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July 1, 2010updated 25 Jan 2022 10:41am

Lessors struggle to find SME deals

Many large lessors are still struggling to source investments in SMEs, as smaller companies continue to delay capital investments and key sectors such as construction remain under pressure, a Leasing Life investigation has revealed.

By Brendan Malkin

Average deal size on the rise as corporates switch to leasing.


Many large lessors are still struggling to source investments in SMEs, as smaller companies continue to delay capital investments and key sectors such as construction remain under pressure, a Leasing Life investigation has revealed.

Several bank-owned lessors report that their deal sizes have increased over recent months, as demand from SMEs remains comparatively low.

One large UK-based leasing company reported that its average deal size had doubled over the past year to reach £200,000 (€246,414).

This rise in deal size is also explained by the switch to leasing by some large corporates as their access to funding via traditional lending routes, such as bank loans and capital markets, remains restricted.


Staying committed

Bank-owned lessors and smaller leasing companies alike, however, remain firmly and publicly committed to investing in the SME market.

Several well-known lessors have even invested in new software systems that will enable them to process large numbers of smaller ticket deals. However, these companies do not expect to see a large influx of flow deals until after the banking crisis is over.

Lessors’ commitment to smaller businesses is in line with European governments’ own action plans for recovery in the SME sector.

Last month’s UK Budget, while infamous for its emphasis on austerity and scaling-back of government investment, still included aid packages for Britain’s ailing SMEs.

The main highlight was the cut in small business corporation tax, paid by those making profits of less than £300,000 a year. The rate will fall to 20% in April next year, from its current level of 21%.

This tax break took place in the wake of a government-backed commitment by semi-nationalised banks to invest in the SME sector. Royal Bank of Scotland alone is committed to investing £3bn in smaller companies over the next two years.

Leasing companies attributed the shortage of demand from SMEs in part to the continued weak state of certain sectors.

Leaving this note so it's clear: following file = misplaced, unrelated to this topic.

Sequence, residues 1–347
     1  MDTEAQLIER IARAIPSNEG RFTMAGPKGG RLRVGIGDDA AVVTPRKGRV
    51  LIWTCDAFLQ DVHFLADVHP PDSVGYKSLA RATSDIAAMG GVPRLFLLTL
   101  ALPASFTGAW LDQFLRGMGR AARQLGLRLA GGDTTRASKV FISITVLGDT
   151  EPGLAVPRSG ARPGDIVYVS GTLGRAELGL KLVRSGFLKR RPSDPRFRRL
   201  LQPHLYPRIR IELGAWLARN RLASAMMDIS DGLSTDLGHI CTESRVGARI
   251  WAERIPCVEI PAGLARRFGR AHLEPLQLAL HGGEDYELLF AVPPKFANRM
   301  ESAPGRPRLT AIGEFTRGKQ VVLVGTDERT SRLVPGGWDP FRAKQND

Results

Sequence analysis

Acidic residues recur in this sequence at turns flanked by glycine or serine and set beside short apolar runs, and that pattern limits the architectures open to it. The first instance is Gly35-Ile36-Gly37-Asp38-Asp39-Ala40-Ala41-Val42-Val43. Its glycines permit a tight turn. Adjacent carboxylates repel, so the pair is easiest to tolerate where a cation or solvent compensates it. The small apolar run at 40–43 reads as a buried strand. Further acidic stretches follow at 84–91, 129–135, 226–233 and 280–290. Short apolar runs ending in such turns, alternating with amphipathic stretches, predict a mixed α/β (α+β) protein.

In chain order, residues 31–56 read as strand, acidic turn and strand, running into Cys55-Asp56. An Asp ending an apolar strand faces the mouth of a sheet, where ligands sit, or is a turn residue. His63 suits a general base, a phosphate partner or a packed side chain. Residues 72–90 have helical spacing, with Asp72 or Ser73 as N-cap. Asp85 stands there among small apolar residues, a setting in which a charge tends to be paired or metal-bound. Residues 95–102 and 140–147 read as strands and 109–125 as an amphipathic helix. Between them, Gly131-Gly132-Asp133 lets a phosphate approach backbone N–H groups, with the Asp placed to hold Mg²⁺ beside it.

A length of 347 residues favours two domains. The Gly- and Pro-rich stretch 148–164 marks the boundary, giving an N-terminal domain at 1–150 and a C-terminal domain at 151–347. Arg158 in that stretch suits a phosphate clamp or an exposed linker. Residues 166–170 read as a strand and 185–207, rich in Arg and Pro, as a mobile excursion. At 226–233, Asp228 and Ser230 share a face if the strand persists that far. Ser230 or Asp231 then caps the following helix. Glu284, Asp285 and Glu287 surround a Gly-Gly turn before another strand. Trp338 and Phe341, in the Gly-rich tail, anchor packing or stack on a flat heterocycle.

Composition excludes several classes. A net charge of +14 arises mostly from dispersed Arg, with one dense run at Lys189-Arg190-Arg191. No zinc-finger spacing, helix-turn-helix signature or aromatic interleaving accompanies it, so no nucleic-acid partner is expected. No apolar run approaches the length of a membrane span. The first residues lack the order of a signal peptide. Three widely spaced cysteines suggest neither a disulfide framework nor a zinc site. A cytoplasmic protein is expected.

One senior leasing industry figure who did not wish to be identified said: “Smaller customers we were dealing with three years ago have not approached us for some time, even though we have kept in regular contact. These companies are deferring investment decisions until they see some more green shoots.”


Some sectors struggling

Unlike IT and health care leasing, which have seen solid growth in terms of leasing volumes as companies seek to avoid carrying unnecessary burdens on their balance sheets, plant leasing has suffered badly as priorities change and construction projects are shelved.

For example, a source at a major UK lessor said the company in question had not seen any business in heavy plant leasing for as much as 12 months.

And leasing of smaller items of machinery such as forklift trucks has suffered equally, according to John Bradshaw, sales manager at UK-based Bibby Leasing, who said that in 2009, the forklift market was down 41%, and the first quarter of 2010 saw the least active period in memory.

The sales figures, taken from a report by the British Industrial Truck Association (BITA), are in line with trends witnessed in the leasing industry, Bradshaw added.

While this shortage of demand in certain sectors is apparent across Europe, it appears to be most acute in parts of Central and Eastern Europe.

According to Krzysztof Bielecki, managing director of ING Lease Holding and a specialist in leasing in Central and Eastern Europe, leasing markets in Eastern Europe remain under pressure with continued low demand from SMEs.

The Polish market, meanwhile, recovered during the second quarter but left production levels “far below what they were in 2007”, he added.

He painted a similarly difficult picture of the leasing markets in Hungary and Romania, which are suffering from low demand for both large and small ticket equipment leasing.


Success stories

Not all leasing companies are struggling to lend to small businesses, however. Many with business models committed to signing large volumes of small deals continue to find the SME sector a lucrative source of new business. In the main, such leasing companies source the bulk of their SME business from brokers.

This suggests that SMEs are willing to make smaller capital investments, while at the same time delaying larger investments until after the banking crisis lifts.

Chris Stamper, head of ING Lease UK, said that lending by his company to SMEs has increased by 15% over the last year.

Also, Close Asset Finance subsidiary, Close Business Finance (CBF), reported being pleased with new business levels to SMEs – its core customers – so far this year.

Through its 25 broker sources of business, it expects to sign about £20m of new business in 2010, according to Richard Briscoe, CBF’s managing director. Last month CBF, which was founded in November last year, signed about £2m of new business.

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